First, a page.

Definition of Employer – Employee Under The Illinois Workers Compensation Act: Independent Contractors.

Almost every employee in Illinois that is hired, or whose employment happens in the State of Illinois, is probably covered by the Illinois Workers’ Compensation Act for work-related injuries from the moment they begin their employment. However, there are situations where an employee may not be an employee covered under the Act because of the way the law defines an “employee” covered under the Act. In this regard, it is important to understand how the Act defines “employer,” and “employee.”

The most applicable Section of the Illinois Workers’ Compensation Act for those in the private sector (not employed by the State) is 820 ILCS 305(b)(2). This law states that an employee hired in Illinois to work in Illinois is “every person in the service of another under any contract of hire, express or implied, oral or written.” In most cases, a “covered” employee will be able to obtain benefits, and be determined to be an employee, within the legal limits, under 305(b)(2).

However, there is a wrinkle in the Act that many companies want to take advantage of: The “Independent” worker, commonly called an “independent contractor” wrinkle. Specifically, an independent contractor is not an employee under the Act and is not entitled to benefits. Bauer v. Industrial Commission, 282 N.E.2d 448 (1972). Often an employer will try to avoid paying workers’ compensation benefits by trying to classify their employees as independent workers, pay them as a “1099” employee without paying taxes, and tell their employees that they are independent contractors and not entitled to employee benefits. However, unlike other areas of the law, the designation in a contract that a petitioner is an independent contractor is of “lesser weight.” Ware v. Industrial Commission, 318 Ill.App.3d 1117, 743 N.E.2d 579 at 583, 252 Ill.Dec. 711 (1st Dist. 2000). .

This means that, if a worker gets injured, and the employer attempts to avoid liability by labeling that worker as an “independent contractor,” that doesn’t mean that they are necessarily an independent contractor. A review of the injured workers’ particular situation will be necessary. It is absolutely vital you speak with an attorney if you are denied based on being classified as a “independent contractor” in your case because you may be losing out on benefits that you are entitled to!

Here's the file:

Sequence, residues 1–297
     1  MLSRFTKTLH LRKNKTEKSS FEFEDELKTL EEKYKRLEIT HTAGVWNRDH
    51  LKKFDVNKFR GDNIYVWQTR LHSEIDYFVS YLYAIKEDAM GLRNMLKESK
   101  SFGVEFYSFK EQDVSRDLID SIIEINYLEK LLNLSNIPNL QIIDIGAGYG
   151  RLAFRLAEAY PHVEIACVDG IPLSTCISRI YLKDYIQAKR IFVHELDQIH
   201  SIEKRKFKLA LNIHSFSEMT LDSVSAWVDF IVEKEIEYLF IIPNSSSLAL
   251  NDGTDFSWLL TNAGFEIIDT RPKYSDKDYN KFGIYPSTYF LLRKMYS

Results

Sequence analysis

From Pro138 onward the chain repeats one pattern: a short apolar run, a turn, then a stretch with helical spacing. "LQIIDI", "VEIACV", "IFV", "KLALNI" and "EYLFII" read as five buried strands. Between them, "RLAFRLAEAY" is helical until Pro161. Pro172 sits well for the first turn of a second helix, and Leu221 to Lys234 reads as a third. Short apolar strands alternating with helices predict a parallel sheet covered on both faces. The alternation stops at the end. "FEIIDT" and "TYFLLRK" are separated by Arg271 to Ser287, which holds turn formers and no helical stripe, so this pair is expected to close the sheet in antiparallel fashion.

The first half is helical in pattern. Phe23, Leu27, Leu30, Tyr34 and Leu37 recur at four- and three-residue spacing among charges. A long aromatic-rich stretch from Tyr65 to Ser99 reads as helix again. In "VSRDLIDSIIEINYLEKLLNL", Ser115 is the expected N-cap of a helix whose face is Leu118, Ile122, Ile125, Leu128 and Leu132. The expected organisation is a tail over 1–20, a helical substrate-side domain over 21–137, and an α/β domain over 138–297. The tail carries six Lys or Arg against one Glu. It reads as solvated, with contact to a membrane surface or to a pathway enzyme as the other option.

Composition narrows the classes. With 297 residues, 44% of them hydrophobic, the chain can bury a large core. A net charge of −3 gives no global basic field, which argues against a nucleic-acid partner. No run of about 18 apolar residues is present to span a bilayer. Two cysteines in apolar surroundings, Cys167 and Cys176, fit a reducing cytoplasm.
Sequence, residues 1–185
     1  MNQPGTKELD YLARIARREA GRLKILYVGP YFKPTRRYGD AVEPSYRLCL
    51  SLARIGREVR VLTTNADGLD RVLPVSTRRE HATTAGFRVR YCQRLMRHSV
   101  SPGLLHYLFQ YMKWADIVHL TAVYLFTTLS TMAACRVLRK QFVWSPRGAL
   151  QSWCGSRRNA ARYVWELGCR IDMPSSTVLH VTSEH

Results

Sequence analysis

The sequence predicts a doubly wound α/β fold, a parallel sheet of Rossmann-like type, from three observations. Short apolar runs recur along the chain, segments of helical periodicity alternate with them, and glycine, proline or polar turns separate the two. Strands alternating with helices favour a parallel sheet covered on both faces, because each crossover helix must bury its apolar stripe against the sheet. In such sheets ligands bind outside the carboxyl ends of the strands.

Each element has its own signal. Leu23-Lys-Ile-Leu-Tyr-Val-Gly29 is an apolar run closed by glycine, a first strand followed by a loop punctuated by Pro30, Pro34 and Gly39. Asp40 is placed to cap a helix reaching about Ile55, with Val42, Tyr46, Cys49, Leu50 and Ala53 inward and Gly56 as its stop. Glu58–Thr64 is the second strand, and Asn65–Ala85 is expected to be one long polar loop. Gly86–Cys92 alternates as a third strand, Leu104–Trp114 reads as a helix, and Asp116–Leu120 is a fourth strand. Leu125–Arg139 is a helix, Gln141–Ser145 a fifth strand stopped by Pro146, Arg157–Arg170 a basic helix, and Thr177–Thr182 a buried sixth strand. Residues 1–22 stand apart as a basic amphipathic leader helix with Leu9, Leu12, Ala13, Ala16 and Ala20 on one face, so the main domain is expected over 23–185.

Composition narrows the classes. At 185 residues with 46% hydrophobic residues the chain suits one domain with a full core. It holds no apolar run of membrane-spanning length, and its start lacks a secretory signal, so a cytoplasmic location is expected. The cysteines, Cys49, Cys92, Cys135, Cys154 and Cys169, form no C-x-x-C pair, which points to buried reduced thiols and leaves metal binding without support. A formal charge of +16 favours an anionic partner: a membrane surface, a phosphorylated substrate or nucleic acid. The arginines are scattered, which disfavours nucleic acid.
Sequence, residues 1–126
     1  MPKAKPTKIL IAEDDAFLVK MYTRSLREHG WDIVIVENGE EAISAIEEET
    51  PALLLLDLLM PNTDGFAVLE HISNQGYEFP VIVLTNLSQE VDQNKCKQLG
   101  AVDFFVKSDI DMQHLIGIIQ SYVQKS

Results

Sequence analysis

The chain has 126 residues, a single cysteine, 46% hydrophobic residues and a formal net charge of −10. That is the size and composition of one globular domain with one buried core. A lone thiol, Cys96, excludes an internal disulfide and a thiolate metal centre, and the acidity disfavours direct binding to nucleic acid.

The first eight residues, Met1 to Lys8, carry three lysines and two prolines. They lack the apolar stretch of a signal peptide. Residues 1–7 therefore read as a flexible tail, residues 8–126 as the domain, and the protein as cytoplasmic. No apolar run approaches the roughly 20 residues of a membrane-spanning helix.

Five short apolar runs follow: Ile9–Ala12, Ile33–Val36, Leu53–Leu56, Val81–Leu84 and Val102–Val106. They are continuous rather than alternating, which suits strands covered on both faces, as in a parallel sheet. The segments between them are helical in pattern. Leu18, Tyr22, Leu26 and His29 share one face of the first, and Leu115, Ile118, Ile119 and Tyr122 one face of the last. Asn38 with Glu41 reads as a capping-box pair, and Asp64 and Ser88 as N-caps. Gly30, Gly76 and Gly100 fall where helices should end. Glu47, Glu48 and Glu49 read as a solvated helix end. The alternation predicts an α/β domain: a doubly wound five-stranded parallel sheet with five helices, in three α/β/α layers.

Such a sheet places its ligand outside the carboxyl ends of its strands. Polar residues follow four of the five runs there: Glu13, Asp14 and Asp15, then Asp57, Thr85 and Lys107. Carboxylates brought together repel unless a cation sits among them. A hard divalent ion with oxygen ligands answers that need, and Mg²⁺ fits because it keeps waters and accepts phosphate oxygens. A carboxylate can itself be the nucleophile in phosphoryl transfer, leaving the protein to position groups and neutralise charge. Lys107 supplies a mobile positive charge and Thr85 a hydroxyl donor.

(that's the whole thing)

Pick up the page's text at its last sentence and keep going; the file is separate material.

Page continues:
If you, or a loved one, has been injured at work, then you need information about your rights. At Shunneson Law Office, I am devoted to demanding an insurance company cover your injuries following accidents. Call (847) 693-9120 for more information or contact us to schedule a consultation. Located in Lake County, Illinois, with meeting locations throughout Chicago, we have the ability to meet with you at any convenient Chicagoland location from 9:00 a.m. to 5:00 p.m., Monday – Friday. However, evening and weekend appointments are available upon request by calling 847.693.9120.

-Drake Shunneson (copyright 2012)

NOTICE: The materials provided are for informational purposes only and should not be viewed as legal advice. It may also be viewed as advertising material. You should contact us directly, or your attorney, to obtain advice to any issue or problems. This article, by itself, does not create an attorney-client relationship and the opinions are those of the individual author and do not reflect the opinions of the Law Office or any other individual, attorney, entity or individual. Photos courtesy of FreeDigitalPhotos.net While the author has utilized his experience and knowledge of workers compensation law in writing this article, as well as many articles, books, statutes, regulatory rules, treatises, and internet sources, some of the ideas and material for this article were obtained from the Illinois Institute for Continuing Legal Education’s Illinois Workers’ Compensation Practice Guide (2011), which deserves special recognition.